The other massive problem with the film is in its pacing. There are a few moments where the film kicks into high gear, with these nightmarish montages of the images in Fausto's head. However, the rest of the film moves so slowly that it gets downright dull, which is a bad idea for a psychological thriller. Just at the moments when the film should accelerate to some kind of climax, it slows down and lumbers along with bland dialogue scenes that confuse issues even more.
The Rebuttal Witnesses
Conceptual issues aside, there are some pleasures to be found in this grim thriller. The art direction, editing, and cinematography are some of the most gruesome and fascinating that I have ever seen. The world of nightmare that the film creates doesn't make much sense, but it is always dark, disturbing, and ugly. This doesn't redeem the problems of the film, but fans of psychological horror and this kind of visuals may want to check it out just for the art design.
As well, the film doesn't have to make sense in order to raise questions about power and corruption. As his wishes become fulfilled and he is able to do more things, Fausto immediately moves towards more horrible and immoral things. Why is it that we wish for things that we cannot and should not have? Why is Fausto so easily trapped by the young girl at the party? Why does he wish for the freedom to break and destroy things? At the same time, there is a part of all of us that dream and imagine things that we know should never come to pass. Fausto 5.0 exists in a world where everyone has these wishes fulfilled. Maybe a world like that could never be understood and could never make sense.
The film is bolstered by several excellent performances. Miguel Ángel Solá is subtle and effective as Fausto, beginning with cold detachment but becoming more and more frantic as the film goes on. Eduard Fernández is much less subtle as Santos, but he has the charismatic appeal that is required to make his role effective. The smaller roles are also well cast and played, every bit as garish and bizarre as the backdrops and cinematography.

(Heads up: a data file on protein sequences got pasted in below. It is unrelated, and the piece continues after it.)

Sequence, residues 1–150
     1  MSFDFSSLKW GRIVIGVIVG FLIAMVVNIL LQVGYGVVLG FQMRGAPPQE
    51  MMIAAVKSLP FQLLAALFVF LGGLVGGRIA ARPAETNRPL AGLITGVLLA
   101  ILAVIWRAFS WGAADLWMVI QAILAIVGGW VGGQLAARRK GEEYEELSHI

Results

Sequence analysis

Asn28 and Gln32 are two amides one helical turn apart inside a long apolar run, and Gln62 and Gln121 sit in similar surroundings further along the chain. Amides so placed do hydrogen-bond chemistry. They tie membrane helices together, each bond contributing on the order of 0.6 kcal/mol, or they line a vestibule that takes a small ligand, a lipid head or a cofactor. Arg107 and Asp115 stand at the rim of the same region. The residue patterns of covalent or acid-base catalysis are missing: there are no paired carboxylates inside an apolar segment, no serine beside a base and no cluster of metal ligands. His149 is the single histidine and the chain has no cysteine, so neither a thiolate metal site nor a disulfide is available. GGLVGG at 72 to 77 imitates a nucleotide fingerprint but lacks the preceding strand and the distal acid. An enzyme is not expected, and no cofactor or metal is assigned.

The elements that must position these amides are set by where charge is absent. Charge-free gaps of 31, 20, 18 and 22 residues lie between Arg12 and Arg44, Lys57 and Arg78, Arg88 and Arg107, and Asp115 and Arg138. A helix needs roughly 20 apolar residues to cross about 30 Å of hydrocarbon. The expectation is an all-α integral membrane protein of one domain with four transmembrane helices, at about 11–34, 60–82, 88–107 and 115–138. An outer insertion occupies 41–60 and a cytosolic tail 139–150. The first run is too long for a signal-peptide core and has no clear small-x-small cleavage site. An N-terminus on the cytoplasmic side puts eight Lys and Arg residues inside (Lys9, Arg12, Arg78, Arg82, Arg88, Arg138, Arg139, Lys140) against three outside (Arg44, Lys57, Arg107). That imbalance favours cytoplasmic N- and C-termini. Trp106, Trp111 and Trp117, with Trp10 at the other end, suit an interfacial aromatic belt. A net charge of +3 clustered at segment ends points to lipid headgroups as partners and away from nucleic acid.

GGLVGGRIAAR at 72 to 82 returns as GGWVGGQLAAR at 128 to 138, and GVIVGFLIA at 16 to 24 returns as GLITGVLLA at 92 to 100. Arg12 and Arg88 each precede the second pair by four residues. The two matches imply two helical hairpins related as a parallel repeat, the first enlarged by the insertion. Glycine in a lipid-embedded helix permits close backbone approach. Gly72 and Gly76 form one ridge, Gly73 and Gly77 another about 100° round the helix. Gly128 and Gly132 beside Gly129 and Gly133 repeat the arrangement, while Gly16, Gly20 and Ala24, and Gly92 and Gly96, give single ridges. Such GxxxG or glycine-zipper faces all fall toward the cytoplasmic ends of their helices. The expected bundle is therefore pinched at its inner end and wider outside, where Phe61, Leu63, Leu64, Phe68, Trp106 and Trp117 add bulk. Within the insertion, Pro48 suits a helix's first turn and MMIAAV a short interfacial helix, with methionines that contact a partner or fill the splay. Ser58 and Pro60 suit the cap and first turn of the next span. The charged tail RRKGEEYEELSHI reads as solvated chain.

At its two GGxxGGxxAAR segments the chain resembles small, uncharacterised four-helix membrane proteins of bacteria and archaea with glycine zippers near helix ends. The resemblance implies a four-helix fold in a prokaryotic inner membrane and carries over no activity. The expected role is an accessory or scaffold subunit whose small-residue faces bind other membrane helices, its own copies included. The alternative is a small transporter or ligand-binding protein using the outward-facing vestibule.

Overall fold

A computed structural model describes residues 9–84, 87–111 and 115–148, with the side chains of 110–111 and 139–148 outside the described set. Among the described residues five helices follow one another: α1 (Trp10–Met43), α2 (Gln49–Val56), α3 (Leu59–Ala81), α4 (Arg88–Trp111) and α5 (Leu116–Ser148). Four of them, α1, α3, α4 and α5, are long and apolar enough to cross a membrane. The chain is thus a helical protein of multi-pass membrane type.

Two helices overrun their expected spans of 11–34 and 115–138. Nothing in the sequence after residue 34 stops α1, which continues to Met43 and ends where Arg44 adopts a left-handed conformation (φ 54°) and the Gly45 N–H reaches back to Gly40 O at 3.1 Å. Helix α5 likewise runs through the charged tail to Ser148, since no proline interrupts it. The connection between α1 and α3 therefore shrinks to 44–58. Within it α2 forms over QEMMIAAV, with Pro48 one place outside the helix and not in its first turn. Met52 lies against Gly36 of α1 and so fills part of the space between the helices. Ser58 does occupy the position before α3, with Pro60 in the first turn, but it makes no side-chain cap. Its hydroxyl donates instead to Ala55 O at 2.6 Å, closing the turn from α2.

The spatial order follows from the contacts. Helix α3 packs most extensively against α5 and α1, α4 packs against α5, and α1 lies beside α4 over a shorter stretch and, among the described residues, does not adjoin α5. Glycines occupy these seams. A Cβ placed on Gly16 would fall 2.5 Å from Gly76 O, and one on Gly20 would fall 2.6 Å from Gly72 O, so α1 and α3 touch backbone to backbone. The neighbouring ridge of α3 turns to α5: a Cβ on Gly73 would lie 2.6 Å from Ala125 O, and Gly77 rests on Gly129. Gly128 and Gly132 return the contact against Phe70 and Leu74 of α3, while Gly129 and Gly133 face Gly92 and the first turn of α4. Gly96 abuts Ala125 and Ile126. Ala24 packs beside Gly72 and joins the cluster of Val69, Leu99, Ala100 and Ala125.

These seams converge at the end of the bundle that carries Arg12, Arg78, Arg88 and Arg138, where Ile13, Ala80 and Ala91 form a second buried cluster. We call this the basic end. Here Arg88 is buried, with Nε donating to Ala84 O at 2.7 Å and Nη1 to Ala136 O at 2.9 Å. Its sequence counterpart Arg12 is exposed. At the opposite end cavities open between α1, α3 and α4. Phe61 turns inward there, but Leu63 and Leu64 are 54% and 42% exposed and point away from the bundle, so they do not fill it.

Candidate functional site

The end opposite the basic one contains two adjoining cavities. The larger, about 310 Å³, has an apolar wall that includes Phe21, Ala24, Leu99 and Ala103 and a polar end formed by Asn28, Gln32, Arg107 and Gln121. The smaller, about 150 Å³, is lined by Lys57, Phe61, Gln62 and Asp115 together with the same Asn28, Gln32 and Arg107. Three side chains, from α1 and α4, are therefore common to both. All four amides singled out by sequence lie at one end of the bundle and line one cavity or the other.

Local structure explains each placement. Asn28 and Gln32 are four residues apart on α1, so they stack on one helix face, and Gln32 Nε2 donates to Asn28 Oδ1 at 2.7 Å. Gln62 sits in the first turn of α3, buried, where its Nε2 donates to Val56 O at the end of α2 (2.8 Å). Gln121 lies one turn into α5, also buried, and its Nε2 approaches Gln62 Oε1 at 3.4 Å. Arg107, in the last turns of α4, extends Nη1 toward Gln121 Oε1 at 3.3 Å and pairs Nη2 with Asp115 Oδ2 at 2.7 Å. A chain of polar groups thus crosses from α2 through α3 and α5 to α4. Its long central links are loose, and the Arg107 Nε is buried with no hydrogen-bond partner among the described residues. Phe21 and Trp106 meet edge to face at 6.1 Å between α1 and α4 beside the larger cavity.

Fox has also done an admirable job with the technical transfer of the film. The video is very good, with a small amount of dirt on the print and good reproduction of color and black levels. The audio transfer is even better, reaching a level of immersion that I don't think I have ever witnessed before. Even in scenes of dialogue, there are constant noises rippling through the sound field. The soundtrack is made up of mostly ambient noises and beats constantly in the background.
Unlike the audio and video transfers, Fox didn't do such a great job in the extras department. There are none, not even a trailer. I would have been fascinated to get a chance to hear the cast and crew talk about the film, how they drew inspiration from the original story in order to fashion this film.
It's hard to know whether to recommend Fausto 5.0 to anyone. It does have a great transfer and some of the most impressive visual and audio design I have ever seen. However, an absolute mess of a story, some really boring sections, and a few scenes that push the lines of appropriateness make me hesitate to recommend it too strongly. Stiff-stomached fans of bizarre psychological horror may want to give it a rental, but the complete lack of extras keeps it from warranting a blind buy.
The court remains undecided about Fausto 5.0. I will therefore place it on probation, and hope to never see it in my courtroom again.